Sudden money printing by Central Banks is going to end in inflationary 'growth'...
31-May-2013 •Sanjeev Pandiya
There is a normal correlation between the various financial (listed) markets, which is mathematically or statistically measurable. Sometimes these correlations break down when different parts of the larger markets see different things. These break-downs are usually temporary, as the market resolves these contradictions and settles down in favour of one view or the others.
For example, the big thing happening just now in world markets is actually coming from the currency markets. And that is the sudden acceleration of money printing by most of the big Central Banks; they may have different reasons for what they are doing, but the overall effect of their combined actions is a massive infusion of monetary liquidity.
Let us go into this phenomenon in some detail. Japan first, because they seem to be at Ground Zero. The last time Japan had 2 per cent inflation (the new BoJ target) in 1994, JGBs were quoting at yields of 6-8 per cent. That was in a situation where Japan still had a Current Account Surplus and Savings Rates running in the low 20s. Today’s Japan has a Current Account Deficit, Chinese or Korean competition for its exports, a negative Savings Rate....in short, its Savings Deficit (Fiscal Deficit + CAD - Savings Rate), the amount it must seek from foreigners is a number (% of GDP) approaching the same level as Greece.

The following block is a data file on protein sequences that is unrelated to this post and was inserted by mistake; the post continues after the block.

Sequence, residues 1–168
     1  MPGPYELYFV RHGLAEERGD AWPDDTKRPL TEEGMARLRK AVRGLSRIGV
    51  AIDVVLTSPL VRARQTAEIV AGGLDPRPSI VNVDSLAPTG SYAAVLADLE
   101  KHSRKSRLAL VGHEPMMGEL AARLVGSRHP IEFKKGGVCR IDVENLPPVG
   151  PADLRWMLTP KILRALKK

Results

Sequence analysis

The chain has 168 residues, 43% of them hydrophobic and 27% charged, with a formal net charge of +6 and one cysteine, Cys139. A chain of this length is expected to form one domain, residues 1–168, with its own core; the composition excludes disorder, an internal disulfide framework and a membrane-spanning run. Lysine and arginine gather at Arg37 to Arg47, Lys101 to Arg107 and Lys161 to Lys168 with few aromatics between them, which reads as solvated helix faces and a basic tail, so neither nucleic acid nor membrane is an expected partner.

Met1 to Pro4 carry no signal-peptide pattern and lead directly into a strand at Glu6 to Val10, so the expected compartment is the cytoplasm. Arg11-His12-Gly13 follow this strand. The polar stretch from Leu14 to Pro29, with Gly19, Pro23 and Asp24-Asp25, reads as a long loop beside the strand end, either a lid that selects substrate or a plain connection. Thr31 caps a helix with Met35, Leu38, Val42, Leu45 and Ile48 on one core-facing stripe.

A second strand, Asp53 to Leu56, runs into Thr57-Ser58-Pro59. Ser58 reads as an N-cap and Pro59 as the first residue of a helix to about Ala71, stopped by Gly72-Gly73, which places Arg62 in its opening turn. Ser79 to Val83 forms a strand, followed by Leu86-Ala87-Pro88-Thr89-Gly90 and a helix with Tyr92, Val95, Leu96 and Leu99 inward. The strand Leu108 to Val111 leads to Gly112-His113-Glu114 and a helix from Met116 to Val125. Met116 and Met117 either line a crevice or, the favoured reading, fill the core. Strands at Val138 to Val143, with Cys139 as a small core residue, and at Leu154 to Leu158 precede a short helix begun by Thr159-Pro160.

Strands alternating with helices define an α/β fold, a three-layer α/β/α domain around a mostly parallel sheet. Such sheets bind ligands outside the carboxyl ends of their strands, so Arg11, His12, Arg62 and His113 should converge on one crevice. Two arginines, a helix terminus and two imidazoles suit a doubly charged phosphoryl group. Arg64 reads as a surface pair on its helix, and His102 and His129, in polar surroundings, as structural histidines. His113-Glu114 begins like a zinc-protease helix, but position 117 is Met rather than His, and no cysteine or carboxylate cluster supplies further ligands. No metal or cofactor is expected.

Currency markets can see this, and have beaten down the Yen some 15 per cent. Abe-onomics, the so-called “economic theory” of Shinzo Abe, the new Prime Minister, may find a tombstone next to Hitler-o-politics (a.k.a. Nazism), which tried to improve the world by killing all it found unsuitable. This ‘genetic improvement’ ended up as ‘ethnic cleansing’, a baton that was picked up by many others in subsequent years.
I will not speculate on the exact details of how this will end; but I am reminded of the drunkard who seeks forgiveness for his gambling debts on the grounds that his daughter ‘looks cute’...you see them often at a Delhi traffic signal. What finally happens to them?
At the other end of the Eurasian land mass, the Pound Sterling is doing similar things for not very different reasons. Across the Channel, the Swiss Franc is being determinedly held up for exactly the opposite reasons. The Euro is following Japan down the same abyss, sliding helplessly into a destiny that it cannot change until it changes its own constitution.
In short, the Dollar stands alone, with the Chinese Yuan hanging onto its coattails. This “comeback combination” is the new gold, attracting a huge shift in purchasing power, which will shake the world in a manner bigger than the 2008 housing crisis did. While currency markets can see the contours of the iceberg, the bridge of the Titanic is dancing at the party....